Although UnitedHealth Group got a green light from the Nevada Insurance Commissioner last week to acquire Sierra Health Services, the $2.6 billion deal could still be blocked by other regulatory officials or consumer groups.
The Nevada attorney general, for one, is looking closely at the merger and has the option of filing a lawsuit in state or federal court within 30 days of Aug. 27 on behalf of residents.
We are exploring our options, said Nicole Moon, spokeswoman for Nevada Attorney General Catherine Cortez Masto. We would have to find that the merger could result in consumer hardship.
Nevada Gov. Jim Gibbons said in a written statement that he is deeply disturbed by some of the monopolistic tendencies that can result from this merger, perhaps signaling that the state could take further action to block the deal. Las Vegas-based Sierra Health is Nevadas largest insurer.
We have a lot of the same concerns the governor has, Moon said.
The concerns, voiced by the attorney generals Bureau of Consumer Protection, providers and consumer groups, are that the combined organization would result in fewer choices and higher premiums over time.
The American Medical Association, which opposes the merger, estimates that Minnetonka, Minn.-based UnitedHealth would control 85% of the HMO market in Nevada and 95% of the HMO market in Las Vegas.
Nevada Insurance Commissioner Alice Molasky-Arman approved the acquisition with several caveats: not passing merger costs onto consumers or providers; not raising premiums or provider fees as a result of the acquisition costs; providing continuation of claims handlings; not changing management structures; and helping to curb the number of uninsured in Nevada.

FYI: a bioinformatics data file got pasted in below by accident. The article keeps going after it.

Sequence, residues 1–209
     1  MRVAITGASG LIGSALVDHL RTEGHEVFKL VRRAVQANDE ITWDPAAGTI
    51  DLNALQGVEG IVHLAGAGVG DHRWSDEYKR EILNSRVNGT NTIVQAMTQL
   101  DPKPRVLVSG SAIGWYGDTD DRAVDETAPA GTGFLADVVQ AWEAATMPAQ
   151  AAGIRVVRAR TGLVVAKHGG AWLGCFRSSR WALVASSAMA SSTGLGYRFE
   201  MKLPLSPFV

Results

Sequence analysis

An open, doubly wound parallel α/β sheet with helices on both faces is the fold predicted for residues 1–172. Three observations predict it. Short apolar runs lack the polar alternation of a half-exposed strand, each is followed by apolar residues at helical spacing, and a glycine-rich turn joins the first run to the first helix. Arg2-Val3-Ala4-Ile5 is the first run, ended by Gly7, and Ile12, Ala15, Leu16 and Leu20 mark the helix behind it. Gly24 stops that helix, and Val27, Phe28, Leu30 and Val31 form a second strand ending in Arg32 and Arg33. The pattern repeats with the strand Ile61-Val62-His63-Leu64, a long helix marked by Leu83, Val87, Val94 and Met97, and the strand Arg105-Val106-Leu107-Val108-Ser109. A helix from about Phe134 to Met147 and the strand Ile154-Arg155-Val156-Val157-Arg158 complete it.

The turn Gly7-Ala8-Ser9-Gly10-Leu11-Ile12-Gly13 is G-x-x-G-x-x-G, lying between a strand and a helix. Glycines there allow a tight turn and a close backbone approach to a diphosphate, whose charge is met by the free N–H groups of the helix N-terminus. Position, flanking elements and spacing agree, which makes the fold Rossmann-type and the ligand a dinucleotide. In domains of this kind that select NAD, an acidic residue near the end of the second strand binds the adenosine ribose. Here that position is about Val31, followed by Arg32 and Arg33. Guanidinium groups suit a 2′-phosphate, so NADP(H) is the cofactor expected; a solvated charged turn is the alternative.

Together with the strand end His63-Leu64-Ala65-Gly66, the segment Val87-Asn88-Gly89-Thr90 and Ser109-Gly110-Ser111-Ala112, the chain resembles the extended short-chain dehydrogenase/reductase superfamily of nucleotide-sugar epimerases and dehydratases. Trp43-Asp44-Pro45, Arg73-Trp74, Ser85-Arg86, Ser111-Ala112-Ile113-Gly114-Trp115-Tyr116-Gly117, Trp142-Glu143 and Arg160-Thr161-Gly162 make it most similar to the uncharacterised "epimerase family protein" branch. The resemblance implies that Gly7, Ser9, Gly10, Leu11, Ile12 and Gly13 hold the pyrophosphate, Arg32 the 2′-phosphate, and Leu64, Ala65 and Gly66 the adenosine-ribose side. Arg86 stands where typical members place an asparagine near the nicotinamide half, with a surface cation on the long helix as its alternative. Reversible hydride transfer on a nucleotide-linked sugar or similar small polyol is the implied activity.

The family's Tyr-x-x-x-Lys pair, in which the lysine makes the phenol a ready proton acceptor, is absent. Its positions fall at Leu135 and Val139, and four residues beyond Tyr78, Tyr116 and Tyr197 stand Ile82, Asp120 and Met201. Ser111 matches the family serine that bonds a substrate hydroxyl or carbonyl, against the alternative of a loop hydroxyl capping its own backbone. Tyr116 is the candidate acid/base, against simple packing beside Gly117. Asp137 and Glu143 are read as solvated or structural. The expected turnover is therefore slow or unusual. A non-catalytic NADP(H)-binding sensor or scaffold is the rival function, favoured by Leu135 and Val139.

William Plested, past president of the AMA, said those conditions wont protect providers or consumers in the long run. UnitedHealth has a stellar track record that when they get monopoly status, they act like a monopoly, Plested said.
Peter ONeill, spokesman for Sierra Health, said the two companies collaborated with the insurance commissioner to address all concerns. We have worked with all the various concerned parties and will continue to do so, ONeill said. He added that there is no merit in the AMAs claims that the merger will result in lower payments and higher premiums.
UnitedHealth and Sierra officials contend the HMO market constitutes just 18% of customers, and that the combined insurer would have just a 28% total market share statewide and 35% share in Las Vegas after the acquisition.
The U.S. Justice Department, which also must approve the merger, could require the insurer to divest from certain regions where it would have near-monopoly status, Plested said. The Justice Department required UnitedHealth to divest portions of PacifiCares commercial health insurance business in Tucson, Ariz., and Boulder, Colo., in that 2005 merger.
David Balto, an antitrust attorney who testified at the UnitedHealth-Sierra hearings in Nevada on behalf of the Consumer Federation of America and other consumer groups, said consumer groups could potentially bring an independent lawsuit to challenge the merger, but would not say whether his clients were considering that option.
If approved, the merger would set an amazingly low threshold for healthcare mergers, Balto said.
The Justice Department is expected to render a decision on the merger in late fall. As for the two other states with regulatory authority over the deal, Arizona deferred to Nevadas decision to approve the merger, and Californias approval is expected soon, ONeill said. No hearings on the merger have been scheduled in California and none are expected, he added.